Intravenous lidocaine is efficacious and may be a suitable alternative to regional anesthesia when contraindicated or not performed.
Nerve blocks in general have a beneficial analgesic effect, regardless of whether pre- or post-incision, and are superior to intra-articular LA.
Monitoring neuromuscular blockade with TOF at the eye muscles (orbicularis oculi) results in a 5 times greater risk (adjusted odds ratio) of postoperative residual curarization (PORC) than monitoring at the hand (adductor pollicis) when PORC is defined by TOFR < 90% using acceleromyography.
PORC was nonetheless common in both groups, occurring in 52% and 22% respectively.
Fink & Hollman describe and refute several commonly-held myths regarding neuromuscular pharmacology. Their evidence-supported arguments are:
- Intubating patients without muscle relaxants is less safe and sub-optimal.
- Even if you know muscle relaxant pharmacokinetics, it is sufficiently unpredictable that neuromuscular monitoring and reversal is still necessary.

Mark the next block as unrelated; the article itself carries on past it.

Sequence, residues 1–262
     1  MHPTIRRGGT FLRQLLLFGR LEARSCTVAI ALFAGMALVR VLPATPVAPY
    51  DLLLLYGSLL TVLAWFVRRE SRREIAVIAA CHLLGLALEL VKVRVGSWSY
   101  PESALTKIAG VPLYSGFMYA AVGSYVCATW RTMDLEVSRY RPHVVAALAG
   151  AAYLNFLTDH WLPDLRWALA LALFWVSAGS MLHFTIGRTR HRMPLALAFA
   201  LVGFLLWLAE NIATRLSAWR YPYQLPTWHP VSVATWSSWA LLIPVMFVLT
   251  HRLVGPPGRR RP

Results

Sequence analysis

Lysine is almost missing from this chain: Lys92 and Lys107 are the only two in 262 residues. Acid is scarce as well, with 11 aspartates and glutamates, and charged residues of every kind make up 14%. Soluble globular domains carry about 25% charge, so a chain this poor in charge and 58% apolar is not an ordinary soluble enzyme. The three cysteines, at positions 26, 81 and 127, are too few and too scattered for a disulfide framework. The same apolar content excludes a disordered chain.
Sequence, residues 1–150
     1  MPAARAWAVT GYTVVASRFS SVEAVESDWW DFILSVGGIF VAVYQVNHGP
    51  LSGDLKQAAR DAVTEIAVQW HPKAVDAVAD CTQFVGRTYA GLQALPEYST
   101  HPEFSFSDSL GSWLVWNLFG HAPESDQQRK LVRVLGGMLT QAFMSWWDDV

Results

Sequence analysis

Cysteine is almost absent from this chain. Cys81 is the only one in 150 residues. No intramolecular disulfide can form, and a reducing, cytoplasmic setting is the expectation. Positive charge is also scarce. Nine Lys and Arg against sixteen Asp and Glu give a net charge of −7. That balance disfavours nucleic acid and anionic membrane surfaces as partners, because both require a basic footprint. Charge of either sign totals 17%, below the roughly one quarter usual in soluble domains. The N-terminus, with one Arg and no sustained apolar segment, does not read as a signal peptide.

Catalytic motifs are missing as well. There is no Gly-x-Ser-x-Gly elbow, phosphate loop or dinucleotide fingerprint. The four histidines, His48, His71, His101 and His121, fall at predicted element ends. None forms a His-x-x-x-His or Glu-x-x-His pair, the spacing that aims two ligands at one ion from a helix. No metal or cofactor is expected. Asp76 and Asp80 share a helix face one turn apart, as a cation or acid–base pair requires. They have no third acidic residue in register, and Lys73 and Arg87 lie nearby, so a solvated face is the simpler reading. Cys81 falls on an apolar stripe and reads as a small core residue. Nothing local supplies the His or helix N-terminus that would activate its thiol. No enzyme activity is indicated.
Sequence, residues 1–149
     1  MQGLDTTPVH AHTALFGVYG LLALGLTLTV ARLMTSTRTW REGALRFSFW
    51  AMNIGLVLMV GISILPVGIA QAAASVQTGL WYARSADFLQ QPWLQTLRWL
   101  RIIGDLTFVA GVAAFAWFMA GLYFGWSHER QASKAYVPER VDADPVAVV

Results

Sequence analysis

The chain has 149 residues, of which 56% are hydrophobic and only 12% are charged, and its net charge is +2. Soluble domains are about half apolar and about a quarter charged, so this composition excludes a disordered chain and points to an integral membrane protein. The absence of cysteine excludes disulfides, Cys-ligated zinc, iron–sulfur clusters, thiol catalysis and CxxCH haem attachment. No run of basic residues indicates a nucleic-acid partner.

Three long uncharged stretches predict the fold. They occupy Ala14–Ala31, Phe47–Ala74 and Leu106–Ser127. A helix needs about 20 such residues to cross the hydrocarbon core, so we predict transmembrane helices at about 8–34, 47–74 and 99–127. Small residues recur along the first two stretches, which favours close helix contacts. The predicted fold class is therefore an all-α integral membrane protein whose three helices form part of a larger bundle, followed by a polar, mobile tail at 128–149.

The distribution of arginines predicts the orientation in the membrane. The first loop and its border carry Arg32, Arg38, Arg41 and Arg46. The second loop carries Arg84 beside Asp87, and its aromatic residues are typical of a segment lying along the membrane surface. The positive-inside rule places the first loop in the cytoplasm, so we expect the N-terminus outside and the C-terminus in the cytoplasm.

- Post-operative residual curarization (PORC) is clinically significant with real consequences.
- Postoperative residual curarization (PORC) is common.
- Postoperative residual curarisation (PORC) (TOFR < 0.9) can only be diagnosed with a quantitative neuromuscular monitor. Clinical tests are insufficient and poorly sensitive.
Use of the LMA ProSeal when compared with intubation for gynae-laparoscopy does not decrease post-operative pain or PONV.
Perioperative lidocaine (1.5 mg/kg bolus then 1.5 mg/kg/h until 1 h after skin closure) reduces the incidence of persistent post-surgical pain after breast cancer surgery at 3 months.
Perioperative lidocaine reduces the incidence of persistent post-surgical pain after breast cancer surgery.
Excellent anaesthetists were identified by anaesthesia nurses as being:
- Organised & focused: structured, responsible, and focused approach to work tasks.
- Good communicators: clear and informative, briefing of team about the plan before induction.
- Respectful of complexity: humble to the complexity of anaesthesia, admitting own fallibility.
- Patient-centred: personal contact with the patient before induction.
- Good situational awareness: fluent in practical work without losing overview.
- Calm and clear in critical situations, being able to change to a strong leading style.
Non-technical skills are of equal importance to technical anaesthesia skills, but are more challenging to define, measure and acquire.
Meta-analysis suggests regional scalp block may reduce post-operative pain after craniotomy, although relies on small, low-quality studies.